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(Read 4) Dick Trickle & The Short Tracks

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Dick Trickle


By: Jeremy Markovich

Dick Trickle had a crown on his head. He’d just won the 1983 World Crown 300 in Georgia and the $50,000 that came with it. Dick looked over at the guy who’d just presided over his coronation in victory lane. “I’m not a king,” he said. “I’m a race car driver.”

This was, at the time, the largest prize Dick Trickle had ever raced for. He spent a month preparing the car. If anyone else did any work on it, he went back and did it over. “I never look at the purse,” Trickle told Father Dale Grubba, a Catholic priest and chronicler of Wisconsin racing who’d known him since 1966. “My wife does. I come to race.”

But for the World Crown 300, Trickle broke his rule. He did look at the purse. The race itself had been nearly rained out, and instead of thousands of fans at the Georgia International Speedway in late November, there were only a couple of hundred. It was a problem for Ron Neal, the engine maker who owned the speedway. He promised a huge purse for the short track race, one that now, because of the weather, he might not be able to pay for in cash. It’s OK, Trickle said. I’ll barter with you. So instead of getting the entire purse, Trickle also got new engines, and engine service, for his cars. He did things like that.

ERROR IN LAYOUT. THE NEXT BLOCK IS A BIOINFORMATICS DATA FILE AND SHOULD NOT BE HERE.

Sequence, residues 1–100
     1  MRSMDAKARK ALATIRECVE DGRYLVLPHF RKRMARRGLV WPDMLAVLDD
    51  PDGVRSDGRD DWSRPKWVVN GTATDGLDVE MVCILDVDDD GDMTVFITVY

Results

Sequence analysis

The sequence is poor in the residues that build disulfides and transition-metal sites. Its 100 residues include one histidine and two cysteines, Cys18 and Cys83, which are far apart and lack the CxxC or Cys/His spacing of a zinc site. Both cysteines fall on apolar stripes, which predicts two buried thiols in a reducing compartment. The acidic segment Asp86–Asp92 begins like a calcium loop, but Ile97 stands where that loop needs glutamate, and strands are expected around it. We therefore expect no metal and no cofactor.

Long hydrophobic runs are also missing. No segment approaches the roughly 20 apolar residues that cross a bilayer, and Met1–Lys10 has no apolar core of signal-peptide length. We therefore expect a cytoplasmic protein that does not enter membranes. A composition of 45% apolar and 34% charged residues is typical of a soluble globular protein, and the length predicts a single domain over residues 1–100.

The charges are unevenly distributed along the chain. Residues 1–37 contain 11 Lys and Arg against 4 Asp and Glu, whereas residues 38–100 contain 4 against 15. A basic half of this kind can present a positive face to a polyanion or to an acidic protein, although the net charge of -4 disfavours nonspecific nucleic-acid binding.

There are tons of stories about Dick Trickle from the short track days. He once told a Milwaukee Journal-Sentinel reporter about the time when he blew a water pump in a race, got on the P.A. and asked if anyone in the crowd had a Ford. A guy drove his car down to the pits. Trickle pulled the water pump off, put it on his car, won the race, and gave it back. Another time he blew an engine, pulled one out of a tow truck, dropped it in his car, and won that race also.

Trickle won a lot on the short tracks. Maybe more than any other driver. The number of wins that Trickle is supposed to have is 1,200, legitimized by a Sports Illustrated article in 1989. But unlike NASCAR, which has precise records, Wisconsin’s short track racing record book isn’t a book at all, but a patchwork of newspaper clippings and memories and word of mouth. One man, who has tried to piece together records of every race Trickle entered, says he’s found evidence of 644 wins up thru 1979. He’s not sure of the 80s. Trickle would have needed 556 more victories before heading off to Winston Cup in 1989 to hit 1,200.

Might have happened.

Dick was good at the little things. He knew how to power through the corners. He always kept his car in control, even in traffic. Pit stops were critically important, because when a race was long enough to require one, one was all you got. At the 200 lap races at Wisconsin International Speedway in Kaukauna, he would pit on around lap 70 or 80 when everybody else thought about heading in around 120. After his stop, he’d drive conservatively, waiting for a yellow flag. When everybody else went in to change tires, Trickle would stay out, take the lead, and a lot of times take the checkered flag. He won at least 34 races at Kaukauna. At least.